STEVE HARRIS's BRITISH LION shares behind-the-scenes video from January 2023 U.K. tour
BRITISH LION, the side project of IRON MAIDEN bassist and founder Steve Harris, has shared a six-minute behind-the-scenes video from the band’s ongoing U.K. headlining tour.
Check pit the footage below.
Prior to the current run of dates, BRITISH LION last played live in the U.K. at last year’s Download festival to a packed Dogtooth Stage following a headline pub and club tour of late 2021.
BRITISH LION‘s second album, “The Burning”, came out in January 2020 in digipack CD, double gatefold vinyl and digital download formats via Explorer1 Music (E1). The LP was recorded, engineered and mixed at Barnyard Studios by Tony Newton and produced by Steve Harris.
BRITISH LION‘s first U.S. tour took place in January and February 2020.
BRITISH LION comprises singer Richard Taylor, guitarists David Hawkins and Grahame Leslie, Harris on bass and keyboards, and drummer Simon Dawson.
Asked by the Tampa Bay Times what the itch is that BRITISH LION scratches that he doesn’t get in his job with MAIDEN, Harris said: “I suppose playing small clubs and being close and personal with the audience. I love playing big places as well. I enjoy them all, and I’m very lucky that I can do them all. But also, it’s clubs that I never played with MAIDEN, even in Europe. There’s a famous club called the Milky Way in Amsterdam, which I managed to play with BRITISH LION, but I never did that with MAIDEN. There’s places that I’m playing on the U.S. tour that I’ve never played before. So it’s all new ground. It’s a challenge. It’s nice. I like a challenge.”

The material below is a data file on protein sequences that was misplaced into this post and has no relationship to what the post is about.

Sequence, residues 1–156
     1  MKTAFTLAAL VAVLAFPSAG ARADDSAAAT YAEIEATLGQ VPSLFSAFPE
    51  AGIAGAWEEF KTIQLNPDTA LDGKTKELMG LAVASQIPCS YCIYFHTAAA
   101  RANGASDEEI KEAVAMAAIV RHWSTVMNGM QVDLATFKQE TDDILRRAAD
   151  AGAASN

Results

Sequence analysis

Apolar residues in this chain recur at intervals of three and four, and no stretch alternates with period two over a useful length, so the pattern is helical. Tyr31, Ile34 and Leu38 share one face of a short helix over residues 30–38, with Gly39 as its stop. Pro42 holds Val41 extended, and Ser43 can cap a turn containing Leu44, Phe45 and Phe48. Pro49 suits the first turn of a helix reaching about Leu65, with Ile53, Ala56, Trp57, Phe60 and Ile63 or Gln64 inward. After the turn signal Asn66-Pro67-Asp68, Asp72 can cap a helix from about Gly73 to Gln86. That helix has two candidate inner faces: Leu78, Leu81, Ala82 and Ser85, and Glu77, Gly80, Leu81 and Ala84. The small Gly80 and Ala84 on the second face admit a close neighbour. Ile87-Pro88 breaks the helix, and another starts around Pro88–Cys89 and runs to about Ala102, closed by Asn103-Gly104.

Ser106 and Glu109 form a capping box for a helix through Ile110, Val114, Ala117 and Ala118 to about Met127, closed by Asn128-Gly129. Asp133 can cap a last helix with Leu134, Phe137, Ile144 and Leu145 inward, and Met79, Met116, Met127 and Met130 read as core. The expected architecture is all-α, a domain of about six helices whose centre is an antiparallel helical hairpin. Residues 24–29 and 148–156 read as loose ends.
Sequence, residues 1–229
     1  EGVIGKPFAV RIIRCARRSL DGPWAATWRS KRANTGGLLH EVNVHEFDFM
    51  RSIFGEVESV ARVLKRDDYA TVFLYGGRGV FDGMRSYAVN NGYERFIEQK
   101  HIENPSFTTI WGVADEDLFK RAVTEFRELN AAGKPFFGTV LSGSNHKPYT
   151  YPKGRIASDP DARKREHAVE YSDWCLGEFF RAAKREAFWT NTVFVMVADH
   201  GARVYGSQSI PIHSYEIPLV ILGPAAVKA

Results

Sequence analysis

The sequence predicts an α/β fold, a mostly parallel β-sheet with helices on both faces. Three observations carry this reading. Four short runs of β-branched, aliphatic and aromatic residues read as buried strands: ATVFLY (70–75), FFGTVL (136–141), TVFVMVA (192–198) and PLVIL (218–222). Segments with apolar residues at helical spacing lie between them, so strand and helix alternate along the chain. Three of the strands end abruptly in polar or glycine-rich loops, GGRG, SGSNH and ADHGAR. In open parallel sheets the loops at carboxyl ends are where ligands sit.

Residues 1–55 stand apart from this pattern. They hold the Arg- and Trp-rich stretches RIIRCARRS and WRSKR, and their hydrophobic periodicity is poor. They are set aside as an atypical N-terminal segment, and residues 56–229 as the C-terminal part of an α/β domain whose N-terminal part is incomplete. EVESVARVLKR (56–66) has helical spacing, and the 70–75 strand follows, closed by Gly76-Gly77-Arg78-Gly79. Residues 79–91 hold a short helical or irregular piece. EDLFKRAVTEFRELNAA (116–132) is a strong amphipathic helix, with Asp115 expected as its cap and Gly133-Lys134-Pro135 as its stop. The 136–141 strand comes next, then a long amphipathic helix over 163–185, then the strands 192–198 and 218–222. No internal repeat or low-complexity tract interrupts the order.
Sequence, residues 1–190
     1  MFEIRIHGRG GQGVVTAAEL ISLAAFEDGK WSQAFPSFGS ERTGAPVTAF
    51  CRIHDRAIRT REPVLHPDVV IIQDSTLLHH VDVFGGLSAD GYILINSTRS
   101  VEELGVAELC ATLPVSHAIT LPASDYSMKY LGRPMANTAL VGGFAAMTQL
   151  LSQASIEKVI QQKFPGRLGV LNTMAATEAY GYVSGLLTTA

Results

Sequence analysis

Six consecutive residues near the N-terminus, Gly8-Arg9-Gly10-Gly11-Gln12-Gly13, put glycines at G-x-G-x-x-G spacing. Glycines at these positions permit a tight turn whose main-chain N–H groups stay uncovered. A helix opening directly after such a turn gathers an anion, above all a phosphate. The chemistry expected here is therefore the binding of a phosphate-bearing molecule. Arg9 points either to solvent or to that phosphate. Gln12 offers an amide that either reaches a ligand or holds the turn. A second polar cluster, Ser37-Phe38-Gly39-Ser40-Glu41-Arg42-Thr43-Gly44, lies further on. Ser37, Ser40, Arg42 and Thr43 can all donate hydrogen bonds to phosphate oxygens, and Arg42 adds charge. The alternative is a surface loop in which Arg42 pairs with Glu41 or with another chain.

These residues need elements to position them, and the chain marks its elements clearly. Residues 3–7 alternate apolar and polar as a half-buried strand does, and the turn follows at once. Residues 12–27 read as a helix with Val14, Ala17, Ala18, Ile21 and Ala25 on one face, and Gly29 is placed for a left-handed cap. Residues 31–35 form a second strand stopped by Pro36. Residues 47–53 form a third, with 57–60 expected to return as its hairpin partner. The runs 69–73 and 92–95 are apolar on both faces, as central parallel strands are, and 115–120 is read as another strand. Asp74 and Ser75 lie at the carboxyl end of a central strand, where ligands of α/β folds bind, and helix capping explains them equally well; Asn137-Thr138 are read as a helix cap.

In a 2020 interview with Bass Player magazine, Harris said that he loves playing small clubs. “I’m very lucky that I can play all types of gigs; massive gigs and small ones as well,” he said. “It’s a change. I’m not trying to conquer the world with this band; there’s not enough years left in me to do that anyway.”
Asked if the different venues present a different set of challenges, Steve said: “I actually think it should be the same, whether you’re playing for 200 or 200,000 people, you know. To me, there’s no difference. You still give 110 percent wherever you’re playing. We had one gig where the promoter just didn’t do anything. I think we had, like, 95 people in there, but it was still a great gig, one of the best of the tour. It doesn’t matter. We’re still going for it, and I was proud that we went out there. It was fantastic.”